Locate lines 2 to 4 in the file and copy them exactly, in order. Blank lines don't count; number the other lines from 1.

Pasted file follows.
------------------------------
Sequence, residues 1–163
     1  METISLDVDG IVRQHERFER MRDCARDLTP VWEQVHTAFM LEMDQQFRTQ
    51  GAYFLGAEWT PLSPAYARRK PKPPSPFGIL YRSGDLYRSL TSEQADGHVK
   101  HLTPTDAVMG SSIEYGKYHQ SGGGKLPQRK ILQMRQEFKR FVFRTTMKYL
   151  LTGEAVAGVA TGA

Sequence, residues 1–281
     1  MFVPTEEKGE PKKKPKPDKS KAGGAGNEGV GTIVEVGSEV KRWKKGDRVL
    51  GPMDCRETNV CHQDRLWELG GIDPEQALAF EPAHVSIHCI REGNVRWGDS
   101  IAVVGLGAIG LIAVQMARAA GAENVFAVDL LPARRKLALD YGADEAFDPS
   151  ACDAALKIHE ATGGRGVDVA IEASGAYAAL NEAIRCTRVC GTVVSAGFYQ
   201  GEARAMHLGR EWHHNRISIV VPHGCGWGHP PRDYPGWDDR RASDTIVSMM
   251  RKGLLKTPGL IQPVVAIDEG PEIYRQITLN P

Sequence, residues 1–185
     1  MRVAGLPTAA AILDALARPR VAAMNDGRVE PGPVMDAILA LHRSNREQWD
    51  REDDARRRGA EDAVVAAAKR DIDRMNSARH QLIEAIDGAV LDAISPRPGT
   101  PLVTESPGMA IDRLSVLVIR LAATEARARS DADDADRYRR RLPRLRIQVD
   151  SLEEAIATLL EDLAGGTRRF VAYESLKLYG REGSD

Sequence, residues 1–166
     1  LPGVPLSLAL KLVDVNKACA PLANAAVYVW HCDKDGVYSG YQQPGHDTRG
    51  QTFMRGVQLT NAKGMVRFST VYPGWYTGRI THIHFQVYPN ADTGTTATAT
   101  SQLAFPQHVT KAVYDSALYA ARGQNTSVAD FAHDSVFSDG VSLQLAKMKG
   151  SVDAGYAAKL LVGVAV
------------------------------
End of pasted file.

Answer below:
     1  METISLDVDG IVRQHERFER MRDCARDLTP VWEQVHTAFM LEMDQQFRTQ
    51  GAYFLGAEWT PLSPAYARRK PKPPSPFGIL YRSGDLYRSL TSEQADGHVK
   101  HLTPTDAVMG SSIEYGKYHQ SGGGKLPQRK ILQMRQEFKR FVFRTTMKYL